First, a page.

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Is your tenant-phobia affecting your property investment’s profitability?

1st January 2015
If you’re nervous about dealing with tenants, you’re not alone – but it affects your profits. Here’s how to act confidently with your tenants.

If you’re nervous about dealing with tenants, you’re not alone – but it affects your profits. Here’s how to act confidently with your tenants.

Did you know that many Property Managers are fearful of dealing with tenants?

It’s true… and it can be property owners who are self-managing as well as so-called ‘professional’ Property Managers who can be tenant-phobic.

You only have to watch ‘Renters’ on TV to see that there are a good number of NZ Property Managers who let the tenants set the rules.

Being scared of dealing with tenants won’t get you anywhere!

Well, the only place that tenant-phobia can get you is on TV, on ‘Renters’, but that’s something best avoided, in Bridgman Property Management’s view.

Instead, you need to deal confidently with your tenants

And dealing confidently with tenants isn’t as hard as you may imagine.

The reason for this is a tenant’s repertoire is actually quite limited. There are a finite number of objections that a tenant will present for each type of problem.

In time, you will be accustomed to these objections, as you will hear them time and time again! With experience, you’ll be able to head off expected responses before they materialise… or you’ll know exactly what to say in response.

Example: negotiating the rent

One of the first negotiations you will have with a tenant applicant is over the rent.

It’s very common for an applicant to say, “that rent seems high”. In most cases this tenant response is purely negotiation – after all, they’ve come to view the property knowing full well how much rent is being asked for!

However, the tenant-phobic landlord may genuinely end up believing that an average tenant can’t afford more than a certain amount.

We know of one landlord who believed that tenants couldn’t afford more than $300 per week… yet other tenants in the same block were being charged up to $340 a week! This tenant phobia cost this landlord $2,080 in rental income in just one year!

It is not going to aid your cause if you are uncomfortable with charging a tenant a fair market rent.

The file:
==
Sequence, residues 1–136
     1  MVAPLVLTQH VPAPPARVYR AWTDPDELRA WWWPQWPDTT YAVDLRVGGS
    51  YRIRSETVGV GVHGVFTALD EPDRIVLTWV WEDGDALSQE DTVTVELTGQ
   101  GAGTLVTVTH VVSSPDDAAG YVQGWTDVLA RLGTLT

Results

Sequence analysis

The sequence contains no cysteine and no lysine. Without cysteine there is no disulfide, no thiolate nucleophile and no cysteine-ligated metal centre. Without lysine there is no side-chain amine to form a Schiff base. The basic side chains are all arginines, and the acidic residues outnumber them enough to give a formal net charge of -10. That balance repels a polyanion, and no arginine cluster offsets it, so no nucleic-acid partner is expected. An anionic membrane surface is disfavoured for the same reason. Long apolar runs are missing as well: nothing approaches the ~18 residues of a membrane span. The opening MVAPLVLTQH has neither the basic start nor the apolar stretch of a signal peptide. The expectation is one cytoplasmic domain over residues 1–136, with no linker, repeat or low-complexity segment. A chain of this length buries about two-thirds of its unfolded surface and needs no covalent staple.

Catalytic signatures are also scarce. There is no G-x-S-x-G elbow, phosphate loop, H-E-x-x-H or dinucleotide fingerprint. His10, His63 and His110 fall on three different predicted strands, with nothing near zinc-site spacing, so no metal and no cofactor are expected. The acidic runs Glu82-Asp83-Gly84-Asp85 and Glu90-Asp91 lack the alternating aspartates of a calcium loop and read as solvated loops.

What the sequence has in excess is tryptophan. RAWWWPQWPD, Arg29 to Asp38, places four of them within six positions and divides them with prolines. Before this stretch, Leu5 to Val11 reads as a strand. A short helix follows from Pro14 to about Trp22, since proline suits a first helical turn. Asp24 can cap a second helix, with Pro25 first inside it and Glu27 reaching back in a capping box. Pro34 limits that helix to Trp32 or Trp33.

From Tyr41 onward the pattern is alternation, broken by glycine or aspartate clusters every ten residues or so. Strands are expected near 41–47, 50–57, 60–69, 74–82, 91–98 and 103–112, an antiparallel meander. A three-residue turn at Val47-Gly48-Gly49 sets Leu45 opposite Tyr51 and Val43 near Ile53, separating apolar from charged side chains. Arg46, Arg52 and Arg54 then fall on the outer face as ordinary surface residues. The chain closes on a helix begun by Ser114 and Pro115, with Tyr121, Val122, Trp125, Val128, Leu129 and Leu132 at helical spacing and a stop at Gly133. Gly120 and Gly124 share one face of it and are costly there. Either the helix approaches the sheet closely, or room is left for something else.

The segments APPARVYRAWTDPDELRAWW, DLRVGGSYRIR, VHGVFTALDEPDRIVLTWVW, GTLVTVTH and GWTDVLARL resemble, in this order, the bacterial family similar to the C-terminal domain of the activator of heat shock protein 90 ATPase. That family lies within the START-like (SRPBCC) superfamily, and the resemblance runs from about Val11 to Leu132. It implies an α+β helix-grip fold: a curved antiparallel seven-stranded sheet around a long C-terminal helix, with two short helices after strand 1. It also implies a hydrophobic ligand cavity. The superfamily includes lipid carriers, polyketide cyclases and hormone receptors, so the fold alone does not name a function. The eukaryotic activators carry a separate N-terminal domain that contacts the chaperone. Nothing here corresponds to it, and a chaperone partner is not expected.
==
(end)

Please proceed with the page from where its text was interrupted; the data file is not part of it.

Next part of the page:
So when you’re negotiating with tenants, you need to know their likely objections – and then plan for those.

Thus the correct answer when a tenant says, “that’s a lot of money” (be it to the rent, or the four weeks’ bond and two weeks’ rent in advance) is: “Yes, it is a lot of money”.

Dealing confidently with tenants takes time and practice

In your travels to becoming a seasoned negotiator, you need to consistently analyse each tenant problem to define what went well and what could be improved on next time. It is very important that you understand why the negotiation failed or why it became more drawn out than necessary.

If the communication failed, it is likely because the tenant is a better negotiator than you. Or maybe you are uncomfortable with face-to-face tenant communication. The tenant will realise that you’re out of your comfort zone – and will make the most of it.

You will improve with time and practice

Like mastering any skill, tenant negotiation takes time and practice.

If you can master it, the cost-benefit is huge. You’ll be able to resolve tenancy problems quickly, rather than the problem becoming drawn out and a tenancy tribunal hearing being required, and a requirement for a debt to paid-off over 5 years.

In short: mastering tenant negotiations will contribute directly to your bottom line, and will lower your stress levels too.

You need to portray that you are confident and in control. At Bridgman Property Management, we think of ourselves as ‘speaking softly but carrying a big stick’. In other words, we work to achieve firm and respectful outcomes in property management.

Mastering this firm, fair and confident approach may take practice, but it will be well worth it.


  • Tenant-phobia can be very expensive.
  • Conversely, if you can master tenant negotiations, you’re likely to save both time and money.
  • Tenants have a limited repertoire of problems and objections.
  • With time and practice, you will be able to head-off expected responses before they materialise, or have a set answer that stacks the odds in your favour.
  • After any tenant negotiations, analyse what went well and what could have been handled better.
  • You need to come across as being firm, fair, confident and in control at all times. This can take practice, but like any skill, this can be learned over time.



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